Lina Khalifeh engaged the audience with the story of her business. After a friend in college came to class bruised following a beating by male members of her family, she was inspired.  Angry that her friend felt helpless, Khalifeh started a self-defense class for women in her parents’ basement. Since 2010, SheFighters has trained some 15,000 women worldwide, including 3,000 Syrian women in refugee camps.

Thikra Alwash, Mayor of Baghdad, said that in Iraq, the conflict with Daesh has affected the economy, which in turn has affected financing and economic opportunities for women. According to Alwash, including women’s voices is vital to the peace and reconciliation process. Without women’s voices, she said, societies can’t solve the root problems they face. Alwash expressed pride that, despite the conflict, there are many women-led projects all over Iraq in a myriad of sectors. She lauded the need for men as champions for women’s rights.

Canadian minister Jacovella encouraged women, in all their roles, to speak up. We need to ask for the involvement of women, and make sure that everything we do is contributing to gender equality, and a strong civil society, which means supporting local women's organizations, she said.

Kaag, from The Netherlands, said that we (governments, international organizations, etc.) must show women in refugee situations that we have high ambitions for them. These women, according to Kaag, do triple jobs as mothers, caretakers, and providers of income.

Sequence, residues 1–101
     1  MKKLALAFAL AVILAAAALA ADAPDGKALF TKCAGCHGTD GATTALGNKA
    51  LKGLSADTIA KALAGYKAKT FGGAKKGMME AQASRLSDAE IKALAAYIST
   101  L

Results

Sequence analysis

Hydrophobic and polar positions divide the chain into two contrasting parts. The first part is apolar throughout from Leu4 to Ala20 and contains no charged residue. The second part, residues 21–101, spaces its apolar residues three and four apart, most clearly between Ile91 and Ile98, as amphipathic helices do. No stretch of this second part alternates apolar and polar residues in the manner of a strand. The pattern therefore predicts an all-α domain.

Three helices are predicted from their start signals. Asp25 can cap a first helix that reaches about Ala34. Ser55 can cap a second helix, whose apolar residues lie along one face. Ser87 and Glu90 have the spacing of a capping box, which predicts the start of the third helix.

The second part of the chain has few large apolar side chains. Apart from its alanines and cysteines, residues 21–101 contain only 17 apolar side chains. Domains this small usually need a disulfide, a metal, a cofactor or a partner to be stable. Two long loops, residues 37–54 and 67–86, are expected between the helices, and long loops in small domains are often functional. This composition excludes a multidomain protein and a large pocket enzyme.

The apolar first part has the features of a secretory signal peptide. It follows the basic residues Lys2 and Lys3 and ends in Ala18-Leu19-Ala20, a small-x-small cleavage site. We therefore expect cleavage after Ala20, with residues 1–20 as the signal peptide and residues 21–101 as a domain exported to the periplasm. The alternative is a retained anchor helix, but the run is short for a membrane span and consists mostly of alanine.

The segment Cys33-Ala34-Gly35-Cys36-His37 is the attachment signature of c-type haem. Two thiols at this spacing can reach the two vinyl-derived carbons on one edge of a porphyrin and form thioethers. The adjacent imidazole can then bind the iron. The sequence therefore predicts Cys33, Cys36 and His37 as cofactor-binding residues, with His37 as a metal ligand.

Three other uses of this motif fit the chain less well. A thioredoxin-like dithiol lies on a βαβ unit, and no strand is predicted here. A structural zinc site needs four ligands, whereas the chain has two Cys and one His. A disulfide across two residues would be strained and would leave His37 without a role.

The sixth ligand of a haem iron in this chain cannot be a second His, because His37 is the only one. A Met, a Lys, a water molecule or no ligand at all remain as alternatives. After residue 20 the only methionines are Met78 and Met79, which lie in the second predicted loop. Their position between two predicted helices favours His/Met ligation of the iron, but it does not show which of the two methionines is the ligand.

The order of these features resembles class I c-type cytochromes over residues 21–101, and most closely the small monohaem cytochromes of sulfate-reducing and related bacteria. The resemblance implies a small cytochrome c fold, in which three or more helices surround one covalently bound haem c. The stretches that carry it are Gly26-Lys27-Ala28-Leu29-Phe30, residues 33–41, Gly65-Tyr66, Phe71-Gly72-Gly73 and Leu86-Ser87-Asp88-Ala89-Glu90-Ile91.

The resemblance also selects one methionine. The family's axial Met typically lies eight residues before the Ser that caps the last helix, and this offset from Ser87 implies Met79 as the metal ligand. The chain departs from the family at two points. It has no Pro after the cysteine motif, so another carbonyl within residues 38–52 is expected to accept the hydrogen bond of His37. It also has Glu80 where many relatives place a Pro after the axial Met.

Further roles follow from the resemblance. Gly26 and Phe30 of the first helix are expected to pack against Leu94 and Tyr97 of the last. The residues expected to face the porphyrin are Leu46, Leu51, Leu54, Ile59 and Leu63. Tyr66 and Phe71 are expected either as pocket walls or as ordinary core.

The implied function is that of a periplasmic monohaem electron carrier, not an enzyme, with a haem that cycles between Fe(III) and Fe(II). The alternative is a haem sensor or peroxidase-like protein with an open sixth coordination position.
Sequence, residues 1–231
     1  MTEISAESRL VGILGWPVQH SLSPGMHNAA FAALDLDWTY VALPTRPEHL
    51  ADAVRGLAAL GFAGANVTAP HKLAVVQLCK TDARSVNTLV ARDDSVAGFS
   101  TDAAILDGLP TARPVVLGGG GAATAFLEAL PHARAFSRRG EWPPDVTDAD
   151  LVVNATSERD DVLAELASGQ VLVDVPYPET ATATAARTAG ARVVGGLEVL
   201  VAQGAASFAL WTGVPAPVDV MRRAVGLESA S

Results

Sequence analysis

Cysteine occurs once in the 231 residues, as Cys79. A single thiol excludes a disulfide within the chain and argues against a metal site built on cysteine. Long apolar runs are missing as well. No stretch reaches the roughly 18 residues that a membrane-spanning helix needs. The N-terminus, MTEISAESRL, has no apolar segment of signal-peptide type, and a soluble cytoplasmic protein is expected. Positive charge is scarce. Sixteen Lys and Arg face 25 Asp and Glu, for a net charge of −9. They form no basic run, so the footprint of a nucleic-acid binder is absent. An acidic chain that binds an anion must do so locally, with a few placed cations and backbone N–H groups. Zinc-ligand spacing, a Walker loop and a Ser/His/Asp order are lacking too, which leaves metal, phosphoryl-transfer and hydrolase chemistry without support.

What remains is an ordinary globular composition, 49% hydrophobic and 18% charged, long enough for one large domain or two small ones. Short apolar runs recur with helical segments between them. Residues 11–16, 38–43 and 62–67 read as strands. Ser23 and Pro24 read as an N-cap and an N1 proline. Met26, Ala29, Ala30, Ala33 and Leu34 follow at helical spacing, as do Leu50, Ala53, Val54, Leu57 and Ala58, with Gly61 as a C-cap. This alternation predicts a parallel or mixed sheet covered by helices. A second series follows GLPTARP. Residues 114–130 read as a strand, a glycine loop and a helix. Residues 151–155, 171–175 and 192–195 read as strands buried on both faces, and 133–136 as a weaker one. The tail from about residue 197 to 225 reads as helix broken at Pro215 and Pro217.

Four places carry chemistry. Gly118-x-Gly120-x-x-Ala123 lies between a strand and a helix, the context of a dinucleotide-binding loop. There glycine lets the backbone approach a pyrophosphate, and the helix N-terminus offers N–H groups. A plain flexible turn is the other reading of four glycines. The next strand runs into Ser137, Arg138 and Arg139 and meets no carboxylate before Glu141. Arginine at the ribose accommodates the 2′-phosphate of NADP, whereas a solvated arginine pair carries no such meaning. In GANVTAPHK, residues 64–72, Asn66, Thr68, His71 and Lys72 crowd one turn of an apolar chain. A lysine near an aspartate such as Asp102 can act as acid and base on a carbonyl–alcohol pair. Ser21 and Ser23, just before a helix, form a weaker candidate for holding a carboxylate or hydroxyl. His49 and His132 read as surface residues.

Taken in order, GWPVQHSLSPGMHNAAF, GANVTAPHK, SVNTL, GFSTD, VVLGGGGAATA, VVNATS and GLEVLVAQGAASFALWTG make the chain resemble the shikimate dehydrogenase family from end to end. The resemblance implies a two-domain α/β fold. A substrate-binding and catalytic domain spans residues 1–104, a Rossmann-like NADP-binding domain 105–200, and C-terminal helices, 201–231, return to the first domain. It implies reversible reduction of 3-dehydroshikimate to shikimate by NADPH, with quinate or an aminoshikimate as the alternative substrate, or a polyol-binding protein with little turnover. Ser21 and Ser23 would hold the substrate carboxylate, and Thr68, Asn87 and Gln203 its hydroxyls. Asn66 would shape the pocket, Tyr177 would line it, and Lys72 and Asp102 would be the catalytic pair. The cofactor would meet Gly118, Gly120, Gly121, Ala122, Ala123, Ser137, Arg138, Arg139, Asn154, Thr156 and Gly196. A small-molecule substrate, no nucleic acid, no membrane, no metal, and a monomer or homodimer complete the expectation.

Veringa-Gieskes, who lives in Kinshasa, DRC, noted the importance of women entrepreneurs as change makers and welcomed the opportunity for more women to hold positions that allow them a seat at the decision-making level.

For a recap on the social media conversation around this event, follow #EmpowerWomen



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On Thursday, April 19th, the World Bank Group hosted a conversation on how to maximize women entrepreneurs' opportunities using today's digital platforms. For women entrepreneurs, even those operating in difficult environments, digital inclusion can play a pivotal role in providing financing, knowledge and connections at their fingertips - through online platforms. Internet access and a mobile phone can mean access to a bank account for the first time, or a new tool to connect to markets, networks and information. 

This event featured the stories of Wafaa Al-Ashwali, CEO and co-founder of Serviis in Saudi Arabia, and Honey Ogundeyi, founder of Fashpa.com in Nigeria, two women entrepreneurs who are creating successful businesses through the power of digital technology. Al-Ashwali and Ogundeyi took the stage and shared how they overcame barriers to grow their online business, and shared ideas on how to help women entrepeneurs succeed in the digital age. 

For a recap on the social media conversation around this event, follow #EmpowerWomen#IFCMarkets and #WeFi